Sunday, 9 September 2012

Sam Shepard's HEARTLESS

     I have seen three fine plays this week and can't help but notice their common bonds. All three plays involve an ascent into a spiritual darkness from which the characters do not fully escape. All three plays mix realism with the symbolic and/or the surreal. I should add that all three are brilliantly acted, directed and designed -- and that all three are produced on 42nd Street West of 9th Avenue. There is no question that Playwrights Horizons and the Signature Center are the premiere theaters in New York right now in every way including audience amenities. The New York TIMES today had an article extolling Playwrights Horizon's as the theater doing the most interesting work this season. I would add the Signature. When I look at the coming season, everything I am particularly excited to see is west of 8th Avenue.
     HEARTLESS places us in Sam Shepard territory, haunting and surreal. The play begins with a horrific scream. It is a while before we realize who is the source of that scream. We're in the Los Angeles hills again  as in TRUE WEST, another play with a powerful but enigmatic matriarch (mothers are as important as fathers in Shepard), but we're also in Sam Shepard country where relationships are never easily defined. Roscoe (Gary Cole), an expert on Cervantes and Borges (an early modern and modernist writer who share only their Spanish language), has left his family and has been invited by Sally (Julianne Nicholson) to stay in the Los Angeles home Sally shares with her mother, her older sister and her mother's supposedly silent nurse. Sally is hungry for a relationship with a man, though Roscoe sees her as a friend. At an early age Sally's heart gave out and she was given the heart of a young girl who died in an accident. Sally has felt strongly her possession of an alien heart and feels an odd kinship to its dead (?) owner. While Sally initially welcomes Roscoe, her bitter sister, Lucy (Jenny Bacon) and her mother, Mable (the magnificent Lois Smith), are much less cordial. Both abuse various drugs and both are mercuric, to put it mildly. Mable's nurse (Betty Gilpin) supposedly has chosen not to speak, but at various times utters agonized and agonizing cried of pain. Roscoe finds that he can not get his bearings in this household where he is alternately interrogated and hectored by Sally's mother and sister. Wheelchair bound Mable sees herself as a dutiful mother, protecting her children as a mother must, but she is also detached and self-absorbed.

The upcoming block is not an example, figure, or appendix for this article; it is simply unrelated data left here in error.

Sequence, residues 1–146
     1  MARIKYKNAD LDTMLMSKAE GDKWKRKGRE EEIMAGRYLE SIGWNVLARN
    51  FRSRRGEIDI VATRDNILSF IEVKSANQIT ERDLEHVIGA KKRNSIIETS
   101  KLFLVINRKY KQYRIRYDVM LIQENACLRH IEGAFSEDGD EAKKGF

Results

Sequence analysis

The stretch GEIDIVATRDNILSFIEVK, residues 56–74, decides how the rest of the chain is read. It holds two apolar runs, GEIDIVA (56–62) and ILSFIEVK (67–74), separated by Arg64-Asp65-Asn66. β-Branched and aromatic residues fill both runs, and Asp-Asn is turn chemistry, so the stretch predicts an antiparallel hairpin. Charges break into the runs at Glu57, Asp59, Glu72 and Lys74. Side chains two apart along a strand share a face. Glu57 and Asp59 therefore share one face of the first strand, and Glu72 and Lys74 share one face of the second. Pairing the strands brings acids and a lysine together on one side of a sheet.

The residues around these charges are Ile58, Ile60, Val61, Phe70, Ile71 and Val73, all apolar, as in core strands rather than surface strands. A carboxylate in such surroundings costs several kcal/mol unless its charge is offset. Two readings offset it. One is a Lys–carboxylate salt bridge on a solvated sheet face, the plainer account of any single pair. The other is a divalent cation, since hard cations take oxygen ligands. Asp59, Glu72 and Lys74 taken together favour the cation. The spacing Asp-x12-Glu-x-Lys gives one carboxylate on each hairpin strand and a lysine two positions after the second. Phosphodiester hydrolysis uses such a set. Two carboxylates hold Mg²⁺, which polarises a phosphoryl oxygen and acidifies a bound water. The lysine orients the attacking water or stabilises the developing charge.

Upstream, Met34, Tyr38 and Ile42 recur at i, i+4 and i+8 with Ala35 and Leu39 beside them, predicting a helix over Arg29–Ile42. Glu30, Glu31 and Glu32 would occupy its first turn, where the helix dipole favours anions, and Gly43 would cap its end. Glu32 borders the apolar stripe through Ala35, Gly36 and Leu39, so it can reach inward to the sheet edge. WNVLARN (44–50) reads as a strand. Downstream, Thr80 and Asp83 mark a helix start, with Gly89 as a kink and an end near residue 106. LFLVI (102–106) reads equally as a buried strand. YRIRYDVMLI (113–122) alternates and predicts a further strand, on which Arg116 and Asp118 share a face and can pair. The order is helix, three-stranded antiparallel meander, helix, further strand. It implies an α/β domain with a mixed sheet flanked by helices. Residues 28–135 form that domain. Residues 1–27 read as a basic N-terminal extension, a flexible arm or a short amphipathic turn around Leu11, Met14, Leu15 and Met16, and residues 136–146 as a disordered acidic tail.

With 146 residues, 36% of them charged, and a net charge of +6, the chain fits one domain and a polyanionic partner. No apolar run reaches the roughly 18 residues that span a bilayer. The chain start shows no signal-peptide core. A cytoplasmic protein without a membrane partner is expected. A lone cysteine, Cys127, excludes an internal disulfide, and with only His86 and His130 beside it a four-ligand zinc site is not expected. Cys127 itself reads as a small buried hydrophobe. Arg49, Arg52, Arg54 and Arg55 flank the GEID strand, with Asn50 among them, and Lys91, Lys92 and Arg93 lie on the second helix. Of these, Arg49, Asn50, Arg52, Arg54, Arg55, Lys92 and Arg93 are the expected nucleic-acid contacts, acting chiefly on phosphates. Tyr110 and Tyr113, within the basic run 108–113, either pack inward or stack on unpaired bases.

As the play progresses, things become more dreamlike and identities blur. Is the nurse also the spirit of the dead girl whose heart beats inside Sally? Why does bitter Lucy suddenly become manic, longing for escape? What does Roscoe really want? Here is another play in which the denouement is both surprising and totally justified by what went before. Like Edward Albee, Shepard isn't a big believer in familial love, despite the family ideals preached by the matriarch. Families are battlegrounds, sometimes fights to the death. The scenes between the sisters and between mother and daughters are riddled with conflicts. What do these family members want of Roscoe? When he decides to leave, they do everything to stop him, but suddenly change their minds.
     Some reviewers have criticized Daniel Aukin's production for being too surreal -- not realistic enough. They don't understand Shepard or this play. Shepard is always surreal. Even when he describes a realistic setting, he want the audience to know that it is a setting, that the realism is merely a convention and a provisional one at that. The epigraph to this production (from Shepard or Aukin? Not that it matters) is from absurdist Eugene Ionesco, "everything does indeed seem to be shadow and evanescence." Aukin rightfully sees this as a poetic play. Eugene Lee's all black unit set allows for extreme separation of the characters. The entire cast is superb, catching the eerie mood of the play and the anguish of the characters. 
HEARTLESS by Sam Shepard Signature Theatre at the Pershing Square Signature Center.

Saturday, 8 September 2012


     The York Theatre Company has mounted a revival of the 1989 Richard Maltby,Jr./David Shire revue, CLOSER THAN EVER. Maltby has updated some of the lyrics and has staged the production on a simple unit set with a cast of excellent Broadway veterans, George Dvorsky,  Jacquelyn Piro Donovan, Anika Larsen and Sal Viviano, aided by a hard-working piano-bass combo. CLOSER THAN EVER is more a song cycle than a traditional revue. There are twenty-four songs about relationships, mostly about the sort of feelings middle-aged suburbanites might feel -- restlessness during a long marriage, anxiety about dating again after a breakup, loving the wrong person. While the performers were very good, I couldn't get into the show. Shire's songs all sound the same, mostly up tunes and patter songs with too few ballads. Maltby's lyrics tell stories within each song, but I kept thinking, "This isn't my life." I just didn't find much to relate to in all this perky heterosexual angst and Shire's music just isn't good enough to keep one's interest through twenty-four songs, many of which go on a verse or two -- or three -- too long.
CLOSER THAN EVER. York Theatre Company at St. Peters Center. September 7, 2012.


     It's a sign of the current, hopeful state of contemporary drama that many of the best playwrights are women: Annie Baker, Gina Gionfriddo, Quiara Allegra Hudes, Amy Herzog, among others. These artists work in the traditional American mode of poetic realism. There is more going on than the viewer first realizes in plays that begin as "slices of life," but take surprising turns. Lisa D'Amour's DETROIT, now at Playwrights Horizons, goes farther in the direction of poetry than most of these plays. One knows from the beginning that things are more unsettled than they seem, but the ultimate cataclysm is both horrifying and a logical extension of what has gone before.